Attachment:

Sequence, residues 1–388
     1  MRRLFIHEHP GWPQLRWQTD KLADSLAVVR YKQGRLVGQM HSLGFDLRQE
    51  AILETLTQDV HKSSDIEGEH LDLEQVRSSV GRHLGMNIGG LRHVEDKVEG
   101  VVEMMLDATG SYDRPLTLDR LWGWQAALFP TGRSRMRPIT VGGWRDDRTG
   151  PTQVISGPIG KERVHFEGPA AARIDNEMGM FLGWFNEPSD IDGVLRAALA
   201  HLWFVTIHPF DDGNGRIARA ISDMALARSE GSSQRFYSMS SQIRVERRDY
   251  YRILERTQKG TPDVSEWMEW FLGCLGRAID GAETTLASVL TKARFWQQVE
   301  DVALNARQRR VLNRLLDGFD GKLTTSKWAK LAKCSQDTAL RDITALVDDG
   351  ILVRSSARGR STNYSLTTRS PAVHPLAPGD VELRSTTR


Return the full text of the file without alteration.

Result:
Sequence, residues 1–388
     1  MRRLFIHEHP GWPQLRWQTD KLADSLAVVR YKQGRLVGQM HSLGFDLRQE
    51  AILETLTQDV HKSSDIEGEH LDLEQVRSSV GRHLGMNIGG LRHVEDKVEG
   101  VVEMMLDATG SYDRPLTLDR LWGWQAALFP TGRSRMRPIT VGGWRDDRTG
   151  PTQVISGPIG KERVHFEGPA AARIDNEMGM FLGWFNEPSD IDGVLRAALA
   201  HLWFVTIHPF DDGNGRIARA ISDMALARSE GSSQRFYSMS SQIRVERRDY
   251  YRILERTQKG TPDVSEWMEW FLGCLGRAID GAETTLASVL TKARFWQQVE
   301  DVALNARQRR VLNRLLDGFD GKLTTSKWAK LAKCSQDTAL RDITALVDDG
   351  ILVRSSARGR STNYSLTTRS PAVHPLAPGD VELRSTTR